The final haze remover, if biodegradable, breaks down in water, lots of it. Degrease is also a nuetralizer.

    I'll bet a run of the mill SUV puts more shit in the environment than cleaning some screens.

    Everything is relative.
    Andymac

    services www.squeegeeville.com
    equipment www.tmiscreenprinting.com

    Todo es empezar.

  9. #9

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    Manoman, citrus cleaners are the greatest things in the world. You can use CitraSolv to do xerox transfers, which is something I want to experiment with in conjunction with screenprinting. You get a nice xerox, flip it over face down, and then take a cotton ball soaked with CitraSolv and rub it over the back of it. It also helps to take something hard and rub down the back if you want a better print. Once you think it's done, you peel it up and voila, you have a transfer. It can transfer halftoned xerox images pretty well, and if it gets saturated, it'll ghost and smear, which can have som really cool effects.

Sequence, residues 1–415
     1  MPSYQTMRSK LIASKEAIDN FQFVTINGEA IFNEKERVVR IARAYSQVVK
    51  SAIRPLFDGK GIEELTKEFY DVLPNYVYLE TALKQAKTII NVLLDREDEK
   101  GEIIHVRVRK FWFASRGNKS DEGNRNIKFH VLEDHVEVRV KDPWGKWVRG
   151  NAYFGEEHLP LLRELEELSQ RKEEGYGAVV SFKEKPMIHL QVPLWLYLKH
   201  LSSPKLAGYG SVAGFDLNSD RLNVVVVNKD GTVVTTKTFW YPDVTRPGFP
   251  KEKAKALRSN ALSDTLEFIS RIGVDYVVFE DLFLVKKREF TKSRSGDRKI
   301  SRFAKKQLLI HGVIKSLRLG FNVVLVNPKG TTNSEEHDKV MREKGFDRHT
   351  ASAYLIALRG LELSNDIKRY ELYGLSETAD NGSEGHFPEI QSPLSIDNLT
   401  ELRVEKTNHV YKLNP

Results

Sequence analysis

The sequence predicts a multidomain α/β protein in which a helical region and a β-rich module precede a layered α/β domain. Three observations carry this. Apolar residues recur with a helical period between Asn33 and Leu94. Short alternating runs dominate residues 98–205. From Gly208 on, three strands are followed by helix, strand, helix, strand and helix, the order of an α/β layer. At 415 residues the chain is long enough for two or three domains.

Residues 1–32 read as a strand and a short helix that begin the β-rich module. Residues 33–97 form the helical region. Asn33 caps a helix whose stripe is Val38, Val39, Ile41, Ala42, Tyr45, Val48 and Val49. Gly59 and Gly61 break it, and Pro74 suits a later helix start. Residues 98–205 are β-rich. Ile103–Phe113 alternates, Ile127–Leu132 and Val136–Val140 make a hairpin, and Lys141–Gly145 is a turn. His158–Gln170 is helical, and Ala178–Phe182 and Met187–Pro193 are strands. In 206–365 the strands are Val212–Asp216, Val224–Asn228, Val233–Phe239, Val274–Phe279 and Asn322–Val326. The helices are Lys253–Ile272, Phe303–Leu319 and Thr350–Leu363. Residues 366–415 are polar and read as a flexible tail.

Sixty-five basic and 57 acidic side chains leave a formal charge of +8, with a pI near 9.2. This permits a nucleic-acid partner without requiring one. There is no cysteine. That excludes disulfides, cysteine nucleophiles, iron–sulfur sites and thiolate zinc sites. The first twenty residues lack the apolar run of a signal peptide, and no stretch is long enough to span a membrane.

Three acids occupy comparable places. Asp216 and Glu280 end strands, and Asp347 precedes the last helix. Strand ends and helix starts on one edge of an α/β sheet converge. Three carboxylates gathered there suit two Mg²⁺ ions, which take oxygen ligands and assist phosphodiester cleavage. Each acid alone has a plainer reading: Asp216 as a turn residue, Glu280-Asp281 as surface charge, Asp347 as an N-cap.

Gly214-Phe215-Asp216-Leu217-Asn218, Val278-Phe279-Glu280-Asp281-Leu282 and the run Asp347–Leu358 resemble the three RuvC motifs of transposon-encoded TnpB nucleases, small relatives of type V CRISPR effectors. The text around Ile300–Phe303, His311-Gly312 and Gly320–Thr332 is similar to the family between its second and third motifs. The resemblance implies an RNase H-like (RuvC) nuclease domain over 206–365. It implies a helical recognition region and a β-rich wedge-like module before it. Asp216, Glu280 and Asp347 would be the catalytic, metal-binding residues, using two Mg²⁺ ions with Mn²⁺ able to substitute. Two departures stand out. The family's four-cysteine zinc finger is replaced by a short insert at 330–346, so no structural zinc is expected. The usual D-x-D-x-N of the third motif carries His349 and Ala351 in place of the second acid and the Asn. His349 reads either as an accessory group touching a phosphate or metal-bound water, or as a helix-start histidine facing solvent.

Back on the subject of watersheds and broken down emulsion, this wouldn't be such a big deal if I wasn't in a small apartment and had a garage or something. If I had a place to hook up a hose, things would be a lot easier. I bet I totally lose my deposit when my landlord notices the floor of my bathtub is a nice pale shade of green.

  10. #10
    Dance Party's Avatar

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    Default

    hey, what are some alternatives to emulsion remover?